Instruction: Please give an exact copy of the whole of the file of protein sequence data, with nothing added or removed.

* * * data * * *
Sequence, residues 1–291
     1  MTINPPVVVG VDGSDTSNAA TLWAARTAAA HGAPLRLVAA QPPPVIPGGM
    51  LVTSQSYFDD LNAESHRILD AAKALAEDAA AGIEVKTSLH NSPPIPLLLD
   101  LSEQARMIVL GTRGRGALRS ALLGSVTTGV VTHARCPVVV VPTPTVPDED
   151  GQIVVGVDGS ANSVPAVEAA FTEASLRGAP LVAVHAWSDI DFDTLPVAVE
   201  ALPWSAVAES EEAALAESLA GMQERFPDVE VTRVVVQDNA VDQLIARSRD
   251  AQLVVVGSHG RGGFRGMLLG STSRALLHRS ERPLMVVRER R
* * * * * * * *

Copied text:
Sequence, residues 1–291
     1  MTINPPVVVG VDGSDTSNAA TLWAARTAAA HGAPLRLVAA QPPPVIPGGM
    51  LVTSQSYFDD LNAESHRILD AAKALAEDAA AGIEVKTSLH NSPPIPLLLD
   101  LSEQARMIVL GTRGRGALRS ALLGSVTTGV VTHARCPVVV VPTPTVPDED
   151  GQIVVGVDGS ANSVPAVEAA FTEASLRGAP LVAVHAWSDI DFDTLPVAVE
   201  ALPWSAVAES EEAALAESLA GMQERFPDVE VTRVVVQDNA VDQLIARSRD
   251  AQLVVVGSHG RGGFRGMLLG STSRALLHRS ERPLMVVRER R